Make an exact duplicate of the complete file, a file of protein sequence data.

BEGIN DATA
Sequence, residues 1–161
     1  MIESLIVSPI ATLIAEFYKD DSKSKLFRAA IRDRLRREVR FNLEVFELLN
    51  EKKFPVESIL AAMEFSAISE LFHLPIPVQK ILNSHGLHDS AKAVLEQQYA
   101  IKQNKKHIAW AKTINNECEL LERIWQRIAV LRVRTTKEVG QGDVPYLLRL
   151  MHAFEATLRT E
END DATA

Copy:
Sequence, residues 1–161
     1  MIESLIVSPI ATLIAEFYKD DSKSKLFRAA IRDRLRREVR FNLEVFELLN
    51  EKKFPVESIL AAMEFSAISE LFHLPIPVQK ILNSHGLHDS AKAVLEQQYA
   101  IKQNKKHIAW AKTINNECEL LERIWQRIAV LRVRTTKEVG QGDVPYLLRL
   151  MHAFEATLRT E